One of the newest investments in the Forager Australian Shares Fund doesn’t look like much of a value stock. Losses over the last five years total $22m. It doesn’t look like much of a growth stock either. Revenue has only grown 5% per year over the same period. And it’s not exactly bombed out: the share price is up by a third in 2019.
So why have we bought shares of RPM Global (RUL)?
The company is one of the few listed global enterprise software providers in Australia. It operates in a space well known to Australians: mining. Of all the world’s mining software, 60% has been developed in Australia. RPM’s software helps clients work out when to mine sections of a deposit, when dump trucks need a service, and how to best budget for future mine profitability.
The business started its listed life as Runge more than a decade ago. Then, mostly a people- oriented mining consulting business, it struggled through the GFC and the subsequent few years. RPM still owns that mining consulting business and a coal testing laboratory. In late 2012 the company installed a new managing director and began a major transformation.
Skills and skin in the game
Richard Matthews, a veteran of the Australian enterprise software space, made major changes. He cut staff numbers by 40%, installed new senior executives and upgraded the company’s stale software suite. New products and a few acquisitions followed.
Since Matthews focussed the company on the software business, recurring maintenance revenue from installed software has grown by 13% per year. Because the product is difficult to replace, less than 5% of this revenue stream is lost every year.
But why hasn’t this increasing revenue translated into profits for RPM?
Building that software hasn’t been cheap. Software development spend more than doubled over the last five years to $14m per year. With work on a few new products now completed the development spend declined last year and will continue to fall.
Spreading the revenue out
The company has also changed the way it sells its software. A few years ago a client would have purchased a perpetual license upfront and paid a maintenance fee every year. Now, the majority of RPM’s software is being sold on a subscription model, equal annual fees instead of a big upfront payment and a much smaller maintenance fee.
But that means a hole in revenue and profits in the first year of a sale. Over three years the total amount received under both models remains the same. And over ten years the subscription model results in RPM receiving 80% more revenue.
Performance better than it looks
Adjusting for lower expected software development spend and the move from perpetual licenses to subscriptions makes for a big change to profits. Earnings last year would have been double the reported level.
Matthews also has form turning around and selling software businesses: first Mincom and then eServeGlobal (which remains listed but sold a big division). With a high corporate overhead, any sale will allow the acquirer to reduce costs dramatically. Owning 3.5% of the company, all acquired on-market, Matthews has a big incentive to maximise value if any bidder comes knocking.
In the meantime the business will continue to grow a valuable stream of cashflows. About 5% of the current market cap (after adjusting for cash holdings) will be generated in free cash flow this year. After three years of growth and strong cash generation, that 5% would grow to 19%. RPM looks to be a rare find: a growing recurring revenue business at a valuation a value investor can live with.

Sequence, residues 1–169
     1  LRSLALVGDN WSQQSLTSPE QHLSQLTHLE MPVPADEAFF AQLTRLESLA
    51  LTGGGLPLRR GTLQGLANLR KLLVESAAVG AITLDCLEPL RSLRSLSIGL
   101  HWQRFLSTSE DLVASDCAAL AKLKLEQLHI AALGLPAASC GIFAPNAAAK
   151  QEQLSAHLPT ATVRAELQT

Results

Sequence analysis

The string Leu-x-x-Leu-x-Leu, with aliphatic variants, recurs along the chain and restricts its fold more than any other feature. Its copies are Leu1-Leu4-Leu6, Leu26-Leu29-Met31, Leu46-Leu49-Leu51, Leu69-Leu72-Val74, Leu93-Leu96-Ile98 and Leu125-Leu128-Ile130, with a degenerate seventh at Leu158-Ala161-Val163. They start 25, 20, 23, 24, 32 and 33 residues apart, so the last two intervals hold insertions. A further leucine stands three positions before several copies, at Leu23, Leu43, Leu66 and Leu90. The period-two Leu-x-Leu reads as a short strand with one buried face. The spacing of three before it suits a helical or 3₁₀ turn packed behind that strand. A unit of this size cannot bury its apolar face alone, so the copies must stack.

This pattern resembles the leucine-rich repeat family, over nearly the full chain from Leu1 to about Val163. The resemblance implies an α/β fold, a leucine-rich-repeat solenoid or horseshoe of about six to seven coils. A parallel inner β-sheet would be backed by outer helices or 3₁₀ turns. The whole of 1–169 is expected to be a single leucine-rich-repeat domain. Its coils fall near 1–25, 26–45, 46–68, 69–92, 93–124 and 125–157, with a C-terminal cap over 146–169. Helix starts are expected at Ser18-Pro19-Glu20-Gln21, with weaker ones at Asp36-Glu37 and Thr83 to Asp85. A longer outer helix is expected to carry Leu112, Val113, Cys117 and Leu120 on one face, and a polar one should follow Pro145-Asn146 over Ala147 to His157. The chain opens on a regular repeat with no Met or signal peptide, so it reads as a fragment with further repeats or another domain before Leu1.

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5 thoughts on “Revving up at RPM”
Alex, a good find. Forager is across the business from top to bottom, whilst seemingly with a low stock attachment factor in play…
What are your views on RPM’s competitive position and threats? While I’m far from an industry expert, from my understanding RPM’s flagship products XACT & XPAC have competition from Alastri – started up by former RPM employees no less – that has created a mine scheduling product which is more user friendly and cost effective for miners. Essentially, these employees set out to fix the problems in RPM’s products being expressed by existing clients. For a relatively new startup, they seem to have snagged some big clients (refer to their website). Would certainly appreciate any comments you have as competitors can quickly break the thesis of a software lead business. Cheers
Hi Matt, RPM does have competition for its products, some being more competitive than others. To try to understand this a little better we’ve had some conversations with a client who uses a few parts of the suite, and who had looked around for competitive options for their needs recently. The solutions stacked up for them, though this is only one data point. We would also look at the growth in new business recently, the stickiness of the existing revenue, and the recent high software development spend as good signs that the products are improving and appealing to customers. Thanks for pointing to Alastri – I’ve reached out to one of the founders to have a chat.
So Alex, with RUL basically range trading between $0.55 and $0.60 for around 10 months from late Oct 2018 until it’s rapid 2 month rise from $0.55 to $0.90 between 23/08 & 25/10, I would be interested to know just when FOR built its position – did you get in before the 60% rise or was your buying (partially?) a significant contributor to the price appreciation?
Hi Neil, we bought most our stock between $0.75 and $0.80. Given we transacted in blocks with a large seller and only started buying in mid October it wasn’t us moving the price from those $0.60 levels. The company did put out a good set of full year 2019 financial numbers in August which showed good progress on 1) subscription software sales and 2) falling software spend.